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QUESTION: Thanks a lot for your clear answer. I myself have visited another government pond yesterday. That pond also has green water , fishes , insects and some trees around. And most surprisingly I have seen some Indian Roofed Turtles in that pond. They were of different sizes. One was about the length of your knee from ground. Pretty big. And there were some of size of your feet. I think it's very clear that they have grown up in that pond because no one would release such big turtle in a pond because that whole area is restricted. So they are completely safe from humans. Now the question is should I release the very small ones (shell 1.5 inch exactly) ? Will they get food too ? Is there a chance that big ones will attack them or stop them from eating food ? Won't there be a competition in eating food ? And that pond has small woods fallen from trees in water. Some turtles were sitting on it. And that pond has stairs near it but no one uses it. I have given all the data I have. I can keep the small and medium ones. But won't it be better that they get a large space and get food to eat whenever they're hungry ? Please tell me if I should release the small and medium ones (2 and 2.5 inch shell) ? Please reply soon I have to release them very quick. Thanks again.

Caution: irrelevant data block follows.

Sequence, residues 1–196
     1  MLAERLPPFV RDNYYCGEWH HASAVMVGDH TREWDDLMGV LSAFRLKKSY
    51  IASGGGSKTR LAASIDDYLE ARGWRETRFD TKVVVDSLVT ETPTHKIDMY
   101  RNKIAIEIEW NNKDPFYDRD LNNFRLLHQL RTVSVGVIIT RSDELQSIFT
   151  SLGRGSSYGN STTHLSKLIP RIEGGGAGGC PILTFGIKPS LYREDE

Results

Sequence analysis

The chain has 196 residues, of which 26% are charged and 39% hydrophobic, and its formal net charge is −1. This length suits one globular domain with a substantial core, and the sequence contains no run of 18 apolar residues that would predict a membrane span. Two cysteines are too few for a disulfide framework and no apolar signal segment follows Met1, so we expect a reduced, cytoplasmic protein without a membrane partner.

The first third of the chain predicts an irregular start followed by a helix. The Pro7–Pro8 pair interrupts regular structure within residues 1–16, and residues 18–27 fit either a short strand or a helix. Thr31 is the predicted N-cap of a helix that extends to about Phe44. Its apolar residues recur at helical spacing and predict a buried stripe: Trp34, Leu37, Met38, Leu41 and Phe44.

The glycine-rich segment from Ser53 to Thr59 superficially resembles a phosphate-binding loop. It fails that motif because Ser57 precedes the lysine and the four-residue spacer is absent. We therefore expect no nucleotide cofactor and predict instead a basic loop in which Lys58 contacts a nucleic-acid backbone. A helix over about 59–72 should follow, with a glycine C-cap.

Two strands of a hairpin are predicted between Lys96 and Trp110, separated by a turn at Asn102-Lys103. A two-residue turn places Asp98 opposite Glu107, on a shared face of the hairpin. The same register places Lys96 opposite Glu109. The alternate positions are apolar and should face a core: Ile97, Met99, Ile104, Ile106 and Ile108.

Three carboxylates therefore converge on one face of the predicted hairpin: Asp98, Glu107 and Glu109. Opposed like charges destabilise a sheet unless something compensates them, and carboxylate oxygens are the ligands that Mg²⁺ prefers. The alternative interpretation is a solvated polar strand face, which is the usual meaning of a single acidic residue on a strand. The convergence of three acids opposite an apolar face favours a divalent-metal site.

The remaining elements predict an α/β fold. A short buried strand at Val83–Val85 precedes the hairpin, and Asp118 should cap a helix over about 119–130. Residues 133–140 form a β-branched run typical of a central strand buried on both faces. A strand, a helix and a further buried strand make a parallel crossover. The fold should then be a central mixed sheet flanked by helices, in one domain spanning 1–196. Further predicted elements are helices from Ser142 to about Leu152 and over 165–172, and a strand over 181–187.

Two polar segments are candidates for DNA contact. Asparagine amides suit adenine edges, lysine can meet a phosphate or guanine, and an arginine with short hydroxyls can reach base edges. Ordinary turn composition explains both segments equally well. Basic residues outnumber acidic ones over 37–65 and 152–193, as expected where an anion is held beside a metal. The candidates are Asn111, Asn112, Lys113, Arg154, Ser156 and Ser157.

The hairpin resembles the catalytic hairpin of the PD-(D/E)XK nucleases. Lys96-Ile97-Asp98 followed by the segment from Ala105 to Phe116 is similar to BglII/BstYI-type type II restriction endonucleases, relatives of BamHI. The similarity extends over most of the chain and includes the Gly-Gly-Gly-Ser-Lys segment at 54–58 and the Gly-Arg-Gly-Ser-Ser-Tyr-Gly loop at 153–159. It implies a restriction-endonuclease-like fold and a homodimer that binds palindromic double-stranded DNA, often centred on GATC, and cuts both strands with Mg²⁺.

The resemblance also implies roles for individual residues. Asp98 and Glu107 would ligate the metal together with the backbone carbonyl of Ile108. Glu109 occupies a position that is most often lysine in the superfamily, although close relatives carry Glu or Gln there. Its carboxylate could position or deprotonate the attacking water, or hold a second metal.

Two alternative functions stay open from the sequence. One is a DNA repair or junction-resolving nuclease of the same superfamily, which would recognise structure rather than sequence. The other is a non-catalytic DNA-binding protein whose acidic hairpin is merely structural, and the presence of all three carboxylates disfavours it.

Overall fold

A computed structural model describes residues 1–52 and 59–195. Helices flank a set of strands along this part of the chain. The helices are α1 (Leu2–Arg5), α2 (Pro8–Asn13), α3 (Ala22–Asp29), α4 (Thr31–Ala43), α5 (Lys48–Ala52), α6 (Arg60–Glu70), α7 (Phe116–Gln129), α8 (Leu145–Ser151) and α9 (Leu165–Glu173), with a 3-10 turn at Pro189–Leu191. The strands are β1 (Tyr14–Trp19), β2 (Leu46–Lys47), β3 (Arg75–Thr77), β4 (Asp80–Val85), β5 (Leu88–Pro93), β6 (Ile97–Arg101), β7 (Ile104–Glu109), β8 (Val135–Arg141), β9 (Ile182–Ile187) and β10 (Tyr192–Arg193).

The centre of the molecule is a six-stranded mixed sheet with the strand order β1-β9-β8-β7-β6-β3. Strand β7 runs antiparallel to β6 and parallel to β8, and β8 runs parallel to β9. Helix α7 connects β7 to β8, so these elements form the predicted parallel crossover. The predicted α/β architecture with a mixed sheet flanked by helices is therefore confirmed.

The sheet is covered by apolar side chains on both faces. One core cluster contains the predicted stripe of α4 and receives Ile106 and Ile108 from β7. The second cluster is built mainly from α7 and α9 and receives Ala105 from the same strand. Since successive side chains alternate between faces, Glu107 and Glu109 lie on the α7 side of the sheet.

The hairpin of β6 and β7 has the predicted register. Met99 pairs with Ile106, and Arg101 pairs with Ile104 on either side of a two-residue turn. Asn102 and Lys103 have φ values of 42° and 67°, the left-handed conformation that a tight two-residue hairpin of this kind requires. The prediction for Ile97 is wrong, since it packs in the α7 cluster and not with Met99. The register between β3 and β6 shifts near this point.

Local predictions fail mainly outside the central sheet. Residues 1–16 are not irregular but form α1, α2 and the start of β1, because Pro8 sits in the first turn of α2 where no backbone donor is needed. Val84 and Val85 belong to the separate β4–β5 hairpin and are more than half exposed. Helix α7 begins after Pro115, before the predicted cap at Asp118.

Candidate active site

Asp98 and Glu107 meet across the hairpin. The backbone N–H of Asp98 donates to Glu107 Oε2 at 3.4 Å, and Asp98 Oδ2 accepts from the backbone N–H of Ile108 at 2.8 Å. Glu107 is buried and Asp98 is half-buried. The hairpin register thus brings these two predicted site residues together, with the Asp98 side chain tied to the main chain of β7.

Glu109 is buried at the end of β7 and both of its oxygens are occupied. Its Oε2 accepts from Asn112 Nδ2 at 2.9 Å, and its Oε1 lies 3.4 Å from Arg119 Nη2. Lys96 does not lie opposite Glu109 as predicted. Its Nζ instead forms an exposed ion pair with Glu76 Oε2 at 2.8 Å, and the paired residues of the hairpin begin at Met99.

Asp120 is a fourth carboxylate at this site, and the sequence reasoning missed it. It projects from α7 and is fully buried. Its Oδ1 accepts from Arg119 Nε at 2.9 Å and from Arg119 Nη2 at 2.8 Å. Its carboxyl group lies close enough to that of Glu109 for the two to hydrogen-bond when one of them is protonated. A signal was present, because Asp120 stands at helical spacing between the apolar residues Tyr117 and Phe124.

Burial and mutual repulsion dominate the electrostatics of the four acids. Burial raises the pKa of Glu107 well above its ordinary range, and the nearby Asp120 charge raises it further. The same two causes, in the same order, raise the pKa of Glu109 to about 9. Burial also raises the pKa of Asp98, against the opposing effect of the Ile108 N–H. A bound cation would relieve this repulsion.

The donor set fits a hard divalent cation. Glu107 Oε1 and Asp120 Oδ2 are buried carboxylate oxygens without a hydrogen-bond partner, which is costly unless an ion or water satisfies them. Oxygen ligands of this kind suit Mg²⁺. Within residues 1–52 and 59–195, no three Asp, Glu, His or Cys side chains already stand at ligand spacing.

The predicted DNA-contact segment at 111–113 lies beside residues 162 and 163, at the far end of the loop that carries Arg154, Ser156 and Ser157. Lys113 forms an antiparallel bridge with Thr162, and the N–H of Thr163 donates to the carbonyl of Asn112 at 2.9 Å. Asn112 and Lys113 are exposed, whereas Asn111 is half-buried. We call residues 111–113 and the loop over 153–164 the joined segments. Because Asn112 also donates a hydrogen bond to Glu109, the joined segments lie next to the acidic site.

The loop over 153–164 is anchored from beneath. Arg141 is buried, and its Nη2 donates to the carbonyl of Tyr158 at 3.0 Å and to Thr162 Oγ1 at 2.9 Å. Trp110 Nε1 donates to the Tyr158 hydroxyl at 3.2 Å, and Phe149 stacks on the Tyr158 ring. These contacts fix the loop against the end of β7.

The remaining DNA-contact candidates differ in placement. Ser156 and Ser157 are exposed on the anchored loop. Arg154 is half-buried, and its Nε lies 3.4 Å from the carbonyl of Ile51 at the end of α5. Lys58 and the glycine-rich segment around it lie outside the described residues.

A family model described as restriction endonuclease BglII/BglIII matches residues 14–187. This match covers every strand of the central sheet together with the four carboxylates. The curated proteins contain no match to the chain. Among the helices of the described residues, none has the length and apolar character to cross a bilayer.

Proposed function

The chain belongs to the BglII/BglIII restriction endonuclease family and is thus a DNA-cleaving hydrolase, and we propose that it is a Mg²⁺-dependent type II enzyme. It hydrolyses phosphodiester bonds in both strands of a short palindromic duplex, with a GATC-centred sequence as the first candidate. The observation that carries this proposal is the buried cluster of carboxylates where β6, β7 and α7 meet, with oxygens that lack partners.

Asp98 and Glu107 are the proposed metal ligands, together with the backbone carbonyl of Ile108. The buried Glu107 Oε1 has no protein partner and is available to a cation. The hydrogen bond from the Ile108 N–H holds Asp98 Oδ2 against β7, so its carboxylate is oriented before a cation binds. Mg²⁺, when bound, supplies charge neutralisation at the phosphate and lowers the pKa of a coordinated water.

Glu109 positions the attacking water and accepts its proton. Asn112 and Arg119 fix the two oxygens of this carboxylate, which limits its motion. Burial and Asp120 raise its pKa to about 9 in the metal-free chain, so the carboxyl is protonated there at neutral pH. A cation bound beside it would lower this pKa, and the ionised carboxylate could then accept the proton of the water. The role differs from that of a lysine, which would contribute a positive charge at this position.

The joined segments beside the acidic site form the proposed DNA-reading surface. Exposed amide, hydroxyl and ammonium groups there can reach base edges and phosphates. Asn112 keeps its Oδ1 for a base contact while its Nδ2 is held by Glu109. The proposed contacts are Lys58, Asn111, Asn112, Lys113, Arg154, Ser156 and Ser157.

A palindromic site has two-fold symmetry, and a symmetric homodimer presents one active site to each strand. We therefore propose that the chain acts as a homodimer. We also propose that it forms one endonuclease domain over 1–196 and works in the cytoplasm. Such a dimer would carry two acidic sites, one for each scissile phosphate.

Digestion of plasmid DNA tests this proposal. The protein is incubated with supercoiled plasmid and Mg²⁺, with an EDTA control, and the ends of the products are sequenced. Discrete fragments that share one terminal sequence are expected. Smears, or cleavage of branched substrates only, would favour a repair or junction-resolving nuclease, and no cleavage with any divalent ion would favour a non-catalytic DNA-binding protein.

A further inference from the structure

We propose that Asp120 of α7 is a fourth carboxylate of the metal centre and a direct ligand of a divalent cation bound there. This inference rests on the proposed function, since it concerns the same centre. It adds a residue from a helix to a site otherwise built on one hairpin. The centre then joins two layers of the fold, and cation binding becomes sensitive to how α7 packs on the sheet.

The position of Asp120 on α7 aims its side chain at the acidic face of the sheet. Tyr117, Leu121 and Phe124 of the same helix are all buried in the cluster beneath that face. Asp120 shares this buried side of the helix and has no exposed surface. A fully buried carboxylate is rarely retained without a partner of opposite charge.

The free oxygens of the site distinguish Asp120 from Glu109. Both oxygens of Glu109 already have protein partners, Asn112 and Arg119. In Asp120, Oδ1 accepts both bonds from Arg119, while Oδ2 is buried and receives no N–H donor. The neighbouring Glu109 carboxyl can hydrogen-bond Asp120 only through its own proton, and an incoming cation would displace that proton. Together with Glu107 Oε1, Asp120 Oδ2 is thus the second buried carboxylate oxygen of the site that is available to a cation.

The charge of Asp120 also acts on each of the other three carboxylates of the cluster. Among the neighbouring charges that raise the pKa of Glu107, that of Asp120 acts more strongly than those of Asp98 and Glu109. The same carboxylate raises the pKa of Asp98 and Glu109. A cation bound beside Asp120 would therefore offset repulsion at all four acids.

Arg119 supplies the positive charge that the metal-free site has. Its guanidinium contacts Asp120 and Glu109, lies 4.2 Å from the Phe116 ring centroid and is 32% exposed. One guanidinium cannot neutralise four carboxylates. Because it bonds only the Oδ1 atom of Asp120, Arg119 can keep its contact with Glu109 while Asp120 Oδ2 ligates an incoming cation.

ANSWER: Hi Dipto,

That spot sounds perfect. There is clearly a suitable food source.

Although, I would not recommend keeping such different sizes of turtles together in a small captive space I would not hesitate to release them together is such a large natural space.

The smaller ones will occupy and hide in different areas of the pond and feed on much smaller items then the adults, so there will not be competition. The adults will also start feeding on plant matter.

There may already be other baby turtles in the pond but you are not likely to see them.
Young reptiles have an inborn instinct to help them survive. They know to stay hidden to avoid predators until they are larger.

I'm glad you found such a suitable spot where your turtles can live out a happy and natural life.

---------- FOLLOW-UP ----------